Everybody hates filling out web forms so some browsers offer a handy Autofill feature to automate the job for you. Unfortunately, it’s handy for hackers, too.

Hackers can abuse this feature to phish for your private information as well as credit card number, expiration date and cvc. Any website can have a lot of hidden fields that might get auto-filled and submitted without your knowledge. Take a quick look yourself:

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This proof-of-concept demo website consists of a simple online web form with just two fields: name and email. But what’s not visible are many out of sight fields, including the credit card information, phone number, organization, address, postal code, city etc. There’s more than one way of coding this, for example (linked demo site):

form action=”” method=”post”

p style=”margin-left:-500px”

input type=”text” name=”cc_number”

input type=”text” name=”cc_exp_month”

input type=”text” name=”cc_exp_year”


Notice the “margin-left:-500px” part that displays the text field out of the victim’s vision. This is not a regular type=”hidden” field.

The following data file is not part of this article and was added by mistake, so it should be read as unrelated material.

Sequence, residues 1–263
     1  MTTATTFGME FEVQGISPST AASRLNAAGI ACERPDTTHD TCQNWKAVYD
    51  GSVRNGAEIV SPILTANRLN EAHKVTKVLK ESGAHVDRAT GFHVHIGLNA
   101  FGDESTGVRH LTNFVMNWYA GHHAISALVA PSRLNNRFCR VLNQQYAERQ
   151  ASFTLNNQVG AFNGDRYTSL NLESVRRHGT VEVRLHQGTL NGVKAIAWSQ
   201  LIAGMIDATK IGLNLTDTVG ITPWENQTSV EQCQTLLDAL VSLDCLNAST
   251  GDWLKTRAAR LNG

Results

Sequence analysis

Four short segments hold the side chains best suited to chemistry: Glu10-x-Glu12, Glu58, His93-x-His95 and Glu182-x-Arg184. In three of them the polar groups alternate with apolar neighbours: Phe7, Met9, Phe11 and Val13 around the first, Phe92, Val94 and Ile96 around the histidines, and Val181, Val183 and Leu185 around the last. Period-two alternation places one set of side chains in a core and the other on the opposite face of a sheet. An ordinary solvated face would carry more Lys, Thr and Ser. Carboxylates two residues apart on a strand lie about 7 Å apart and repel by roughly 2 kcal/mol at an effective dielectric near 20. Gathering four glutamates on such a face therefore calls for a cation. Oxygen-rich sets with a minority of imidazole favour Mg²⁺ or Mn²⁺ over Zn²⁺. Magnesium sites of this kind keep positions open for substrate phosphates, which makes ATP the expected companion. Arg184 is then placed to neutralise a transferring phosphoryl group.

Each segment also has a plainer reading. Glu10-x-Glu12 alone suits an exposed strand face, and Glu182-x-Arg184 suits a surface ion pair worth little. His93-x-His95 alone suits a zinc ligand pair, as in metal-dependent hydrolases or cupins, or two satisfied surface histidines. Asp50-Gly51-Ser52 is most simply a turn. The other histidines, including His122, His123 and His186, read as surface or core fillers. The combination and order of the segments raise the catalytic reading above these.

The same result can be achieved by creating a specially crafted container using “overflow:hidden” attribute:

form action=”collector.php” method=”post”

div style=”overflow:hidden;height:35px;”

input id=”00″ autocomplete=”cc-number”

input id=”01″ autocomplete=”cc-exp-month”

input id=”02″ autocomplete=”cc-exp-year”


These fields would also get auto-filled along with at least one visible, regular text field which is usually put in another container within the same form.

On the plus side, this method alone cannot capture passwords saved in the browser because they’re tied to a specific domain, but that’s not going to comfort someone that lost their identity and banking information.

Browsers vulnerable to the attack include Google Chrome, Apple Safari and Opera. On the other hand, if you use Mozilla Firefox or Tor, you don’t need to worry about this issue because Mozilla doesn’t support auto-filling multiple fields at once.

Since this method was first published in 2013, Chrome’s only response was implementing a warning message when credit card information is being submitted over HTTP, I am not expecting a fix anytime soon. Fraudsters can easily obtain a SSL certificate for free so I recommend disabling Autofill feature in your browser.

If you’re using Chrome, go to Settings – Show Advanced Settings (at the bottom) – uncheck Enable Autofill box to fill out web forms with a single click (under Passwords and Forms section).